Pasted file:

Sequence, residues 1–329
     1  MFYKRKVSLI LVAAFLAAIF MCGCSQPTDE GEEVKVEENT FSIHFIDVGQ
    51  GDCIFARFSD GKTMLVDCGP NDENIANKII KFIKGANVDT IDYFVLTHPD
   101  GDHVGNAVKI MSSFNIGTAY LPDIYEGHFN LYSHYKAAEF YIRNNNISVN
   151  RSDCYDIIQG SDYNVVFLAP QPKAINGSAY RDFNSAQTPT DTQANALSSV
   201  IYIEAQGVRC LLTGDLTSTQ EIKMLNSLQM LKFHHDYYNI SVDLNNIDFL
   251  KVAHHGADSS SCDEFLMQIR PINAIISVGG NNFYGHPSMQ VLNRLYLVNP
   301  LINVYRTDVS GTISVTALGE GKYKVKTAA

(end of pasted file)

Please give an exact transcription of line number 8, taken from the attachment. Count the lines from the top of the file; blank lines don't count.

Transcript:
   301  LINVYRTDVS GTISVTALGE GKYKVKTAA